The PlayStation 2 Was A Great Console (But It Was A Better DVD Player)
March 4 marks the twentieth anniversary of the release of the PlayStation 2, which is still the best-selling video game console of all time, with over 155 million units sold around the world since the year 2000.
The PlayStation 2 had some of the best games of all time, but there was another secret to its success that led to it being a must-have console. See, the PlayStation 2’s ability to play DVDs was as big of a draw as its games.
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The PlayStation 2 Generation
The PlayStation 2 had some incredible titles that are still loved to this day, though many consider the first truly killer app to be Grand Theft Auto III. This was the game that combined wanton destruction with a huge city that was like nothing that anyone had seen before. Grand Theft Auto III would eventually lead to the creation of Grand Theft Auto: San Andreas, which became the best-selling game on the system.
The PlayStation 2 had an amazing library, but Sony sweetened the deal and made the console a must-have purchase, thanks to a trick it learned during the original PlayStation generation.
The original PlayStation had the capacity to play music CDs through the television and many reviewers at the time praised the audio quality, comparing it to expensive high-end CD players that were available at the time. This gave the PlayStation extra appeal to music fans who didn’t already own a CD player or were in need of a new one.
The PlayStation 2 had the ability to play DVDs, with the player able to use the controller as a remote for no additional cost. In 2000, a solo DVD player still cost a couple of hundred dollars to buy on its own. To many people, the additional cost of a launch PlayStation 2 was small enough that it was a worthwhile investment. As time went on and the price of the PlayStation 2 steadily dropped, it became even more appealing, as DVDs became the dominant form of home media. A lot of people used a PlayStation 2 as either their main DVD player or as a portable one that could be taken into another room/a friend’s house.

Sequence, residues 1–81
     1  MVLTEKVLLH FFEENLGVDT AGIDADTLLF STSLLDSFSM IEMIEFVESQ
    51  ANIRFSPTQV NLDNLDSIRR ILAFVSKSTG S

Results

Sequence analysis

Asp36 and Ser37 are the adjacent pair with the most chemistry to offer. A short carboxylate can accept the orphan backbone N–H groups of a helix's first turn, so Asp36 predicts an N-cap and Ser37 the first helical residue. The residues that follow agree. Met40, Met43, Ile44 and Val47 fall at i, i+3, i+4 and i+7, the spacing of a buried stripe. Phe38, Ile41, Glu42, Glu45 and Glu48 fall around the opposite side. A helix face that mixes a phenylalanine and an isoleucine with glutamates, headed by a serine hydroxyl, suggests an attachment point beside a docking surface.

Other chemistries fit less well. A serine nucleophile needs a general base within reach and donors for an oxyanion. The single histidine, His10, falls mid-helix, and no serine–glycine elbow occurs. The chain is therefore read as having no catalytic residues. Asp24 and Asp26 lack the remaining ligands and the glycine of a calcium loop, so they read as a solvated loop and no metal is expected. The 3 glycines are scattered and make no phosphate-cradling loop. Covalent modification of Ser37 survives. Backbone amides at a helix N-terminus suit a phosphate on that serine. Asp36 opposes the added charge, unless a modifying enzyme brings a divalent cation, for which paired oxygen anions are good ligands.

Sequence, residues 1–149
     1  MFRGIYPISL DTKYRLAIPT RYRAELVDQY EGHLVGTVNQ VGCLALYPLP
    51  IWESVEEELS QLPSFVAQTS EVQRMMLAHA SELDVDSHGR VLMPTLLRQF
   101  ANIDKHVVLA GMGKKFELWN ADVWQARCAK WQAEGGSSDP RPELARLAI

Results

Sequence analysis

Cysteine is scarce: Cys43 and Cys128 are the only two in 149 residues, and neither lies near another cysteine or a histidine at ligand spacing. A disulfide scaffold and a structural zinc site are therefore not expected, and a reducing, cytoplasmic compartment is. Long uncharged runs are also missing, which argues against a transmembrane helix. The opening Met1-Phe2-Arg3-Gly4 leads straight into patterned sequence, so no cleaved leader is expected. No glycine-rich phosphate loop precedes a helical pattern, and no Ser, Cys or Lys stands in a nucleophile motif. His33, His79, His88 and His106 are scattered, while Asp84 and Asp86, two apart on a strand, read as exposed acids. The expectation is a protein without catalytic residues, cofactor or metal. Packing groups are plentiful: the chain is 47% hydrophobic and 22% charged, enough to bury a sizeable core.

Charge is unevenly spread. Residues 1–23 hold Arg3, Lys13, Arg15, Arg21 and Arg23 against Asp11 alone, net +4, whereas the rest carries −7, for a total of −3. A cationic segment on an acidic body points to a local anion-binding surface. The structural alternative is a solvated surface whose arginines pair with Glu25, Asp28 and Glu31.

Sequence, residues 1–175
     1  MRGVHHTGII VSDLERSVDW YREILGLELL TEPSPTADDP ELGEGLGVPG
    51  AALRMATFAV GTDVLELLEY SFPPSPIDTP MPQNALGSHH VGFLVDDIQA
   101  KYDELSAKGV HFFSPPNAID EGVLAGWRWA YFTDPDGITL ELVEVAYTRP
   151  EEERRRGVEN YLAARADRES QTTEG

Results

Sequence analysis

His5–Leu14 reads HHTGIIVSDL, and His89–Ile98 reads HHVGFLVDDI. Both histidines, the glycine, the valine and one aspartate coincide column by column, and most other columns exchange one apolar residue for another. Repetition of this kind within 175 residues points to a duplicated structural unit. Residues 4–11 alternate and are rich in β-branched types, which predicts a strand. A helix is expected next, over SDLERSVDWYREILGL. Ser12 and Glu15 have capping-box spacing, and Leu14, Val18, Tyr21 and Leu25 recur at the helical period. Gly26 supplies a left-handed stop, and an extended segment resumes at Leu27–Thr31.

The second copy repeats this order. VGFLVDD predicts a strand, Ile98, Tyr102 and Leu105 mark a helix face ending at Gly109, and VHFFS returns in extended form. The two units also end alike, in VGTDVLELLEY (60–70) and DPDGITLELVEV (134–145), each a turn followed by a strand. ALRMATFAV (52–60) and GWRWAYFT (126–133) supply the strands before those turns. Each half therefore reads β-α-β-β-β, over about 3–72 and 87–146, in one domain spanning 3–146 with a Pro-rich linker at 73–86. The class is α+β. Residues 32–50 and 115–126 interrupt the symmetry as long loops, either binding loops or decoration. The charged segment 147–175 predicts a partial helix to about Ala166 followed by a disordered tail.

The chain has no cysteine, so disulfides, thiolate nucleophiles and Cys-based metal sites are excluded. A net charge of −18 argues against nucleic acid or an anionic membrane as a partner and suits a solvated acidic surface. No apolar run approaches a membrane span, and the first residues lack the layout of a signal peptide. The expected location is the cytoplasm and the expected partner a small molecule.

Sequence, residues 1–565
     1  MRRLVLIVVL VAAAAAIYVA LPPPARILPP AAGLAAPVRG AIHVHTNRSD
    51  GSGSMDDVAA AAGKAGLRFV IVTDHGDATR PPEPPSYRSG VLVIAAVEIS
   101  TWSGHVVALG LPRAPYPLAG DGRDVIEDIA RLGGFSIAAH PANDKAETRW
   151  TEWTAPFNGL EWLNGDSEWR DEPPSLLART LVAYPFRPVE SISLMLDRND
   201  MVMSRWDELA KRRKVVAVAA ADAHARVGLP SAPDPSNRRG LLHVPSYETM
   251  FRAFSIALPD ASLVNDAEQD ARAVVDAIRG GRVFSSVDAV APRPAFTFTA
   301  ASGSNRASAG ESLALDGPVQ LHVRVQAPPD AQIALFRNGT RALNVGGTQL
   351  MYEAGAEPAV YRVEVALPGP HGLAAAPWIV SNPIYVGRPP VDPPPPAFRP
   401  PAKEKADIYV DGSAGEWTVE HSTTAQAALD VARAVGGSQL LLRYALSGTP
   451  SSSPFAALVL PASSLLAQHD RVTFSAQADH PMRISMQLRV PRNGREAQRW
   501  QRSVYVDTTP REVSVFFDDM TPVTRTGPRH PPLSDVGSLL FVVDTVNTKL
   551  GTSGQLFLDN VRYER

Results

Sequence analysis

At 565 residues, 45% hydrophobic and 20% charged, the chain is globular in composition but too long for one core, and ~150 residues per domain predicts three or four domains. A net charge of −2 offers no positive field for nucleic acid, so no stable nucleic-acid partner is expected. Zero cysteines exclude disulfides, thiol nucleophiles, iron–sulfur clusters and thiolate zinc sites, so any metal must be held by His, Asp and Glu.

The Best-Selling Console Of All Time
The Nintendo GameCube used proprietary hardware for its discs, so it was unable to play DVDs at all. The original Xbox had the capability to play DVDs, but Microsoft got greedy and charged an additional fee for a DVD Playback Kit, making it less appealing to people who just wanted to play DVDs without being gouged. In the end, the Xbox sold 24 million units and the Nintendo GameCube sold 21.74 million units.
The success of the PlayStation 2 was shaped by its stellar library, but its status as an affordable home entertainment system was key in making it stand out next to the competition. Sony ended up being a little too ahead of the times with the PlayStation 3, as the added Blu-ray player was only useful to those who had an HD television, allowing Microsoft to take the lead for years with its cheaper Xbox 360 unit, which resulted in Sony abandoning this tactic with the PlayStation 4.
There are many consoles that end up gathering dust over time as the people who play them slowly grow bored with their games and move on to other things. The PlayStation 2 has avoided this fate for a lot of people who never threw away their DVD collections. I still have the PlayStation 2 I received for Christmas in 2001 for this reason and I’m likely to keep hold of the system until the day it finally spins its last DVD.
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